Lower courts annulled the work order, finding that the commission did have authority to require the owner to keep the clock running using mechanical parts.
In 2017, a New York State appellate court upheld that ruling, finding that the city’s landmarks commission improperly approved plans to electrify the clock.
Writing for a 3-2 panel in Manhattan, Judge Ellen Gesmer called the decision to approve the clock conversion “both irrational and affected by an error of law.”
Modeled on an Italian Renaissance palazzo, the 13-story building at 346 Broadway was built for the New York Life Insurance Company at the turn of the 19th century.
The 5,000-pound bell hanging at the top of the building above a spiral staircase has struck the hours in Lower Manhattan for more than 100 years, but it is one of the last remaining clocks in the world that must be wound by hand every week to do so.
In his arguments, Rouhandeh claimed that allowing people to tour the clocktower would actually harm the delicate and aged mechanism. “People traipsing around that space … may actually harm the clock,” he said.
He also argued that too much emphasis is being placed on the word “use” in terms of whether the public can view and tour the interior clocktower.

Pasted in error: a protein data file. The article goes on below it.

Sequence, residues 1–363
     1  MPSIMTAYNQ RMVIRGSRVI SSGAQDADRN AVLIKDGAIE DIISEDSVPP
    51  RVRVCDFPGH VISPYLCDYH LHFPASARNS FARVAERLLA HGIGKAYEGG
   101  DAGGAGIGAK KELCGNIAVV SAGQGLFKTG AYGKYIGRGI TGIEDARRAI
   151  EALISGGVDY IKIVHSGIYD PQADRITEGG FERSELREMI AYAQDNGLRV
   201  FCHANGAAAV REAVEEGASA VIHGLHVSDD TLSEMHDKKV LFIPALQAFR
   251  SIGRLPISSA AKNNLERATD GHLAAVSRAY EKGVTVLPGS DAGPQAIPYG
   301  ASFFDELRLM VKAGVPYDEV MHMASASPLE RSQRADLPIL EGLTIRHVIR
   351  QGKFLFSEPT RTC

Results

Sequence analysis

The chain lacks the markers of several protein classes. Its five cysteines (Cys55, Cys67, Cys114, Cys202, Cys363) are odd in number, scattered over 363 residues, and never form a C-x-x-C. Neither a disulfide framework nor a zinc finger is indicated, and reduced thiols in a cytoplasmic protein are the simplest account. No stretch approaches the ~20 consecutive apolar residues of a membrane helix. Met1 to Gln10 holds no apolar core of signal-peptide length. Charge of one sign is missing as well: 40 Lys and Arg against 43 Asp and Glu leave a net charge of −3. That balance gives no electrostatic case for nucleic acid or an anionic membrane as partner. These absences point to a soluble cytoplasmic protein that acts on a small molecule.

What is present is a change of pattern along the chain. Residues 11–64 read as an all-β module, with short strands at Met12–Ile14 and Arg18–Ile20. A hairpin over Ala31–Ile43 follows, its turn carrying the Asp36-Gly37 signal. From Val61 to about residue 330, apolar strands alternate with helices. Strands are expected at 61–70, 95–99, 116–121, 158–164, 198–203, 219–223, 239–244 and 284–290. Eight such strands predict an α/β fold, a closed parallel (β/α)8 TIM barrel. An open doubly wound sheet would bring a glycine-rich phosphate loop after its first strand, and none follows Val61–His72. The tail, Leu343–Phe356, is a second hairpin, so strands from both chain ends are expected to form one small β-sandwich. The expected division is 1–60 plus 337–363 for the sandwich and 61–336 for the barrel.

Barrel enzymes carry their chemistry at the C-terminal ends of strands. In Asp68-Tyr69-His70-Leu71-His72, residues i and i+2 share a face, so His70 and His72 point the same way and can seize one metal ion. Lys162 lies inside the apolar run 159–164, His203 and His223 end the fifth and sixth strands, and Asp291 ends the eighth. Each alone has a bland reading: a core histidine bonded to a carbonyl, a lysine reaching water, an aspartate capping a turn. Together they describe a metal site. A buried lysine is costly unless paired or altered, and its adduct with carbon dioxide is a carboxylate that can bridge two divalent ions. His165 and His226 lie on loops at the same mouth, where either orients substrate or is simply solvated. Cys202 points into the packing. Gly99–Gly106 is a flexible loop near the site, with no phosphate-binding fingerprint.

“Use does not mean public access,” he said, noting that if that were the case every door and window in a landmarked building would require public access.
Rouhandeh assured the panel of judges that “the clock will be used … in a common sense,” even if it is unplugged and electrified, and nobody is allowed inside the tower to view the cogs, gears, and other mechanisms.
The developers anticipate residents will be able to move into the renovated condos later this year. Units are said to range from about $1.4 million to more than $20 million for the penthouse.
In March 2018 a two-alarm fire broke out at the building, resulting in several injuries to responding firefighters and damage to the building. The clock was not damaged in the fire.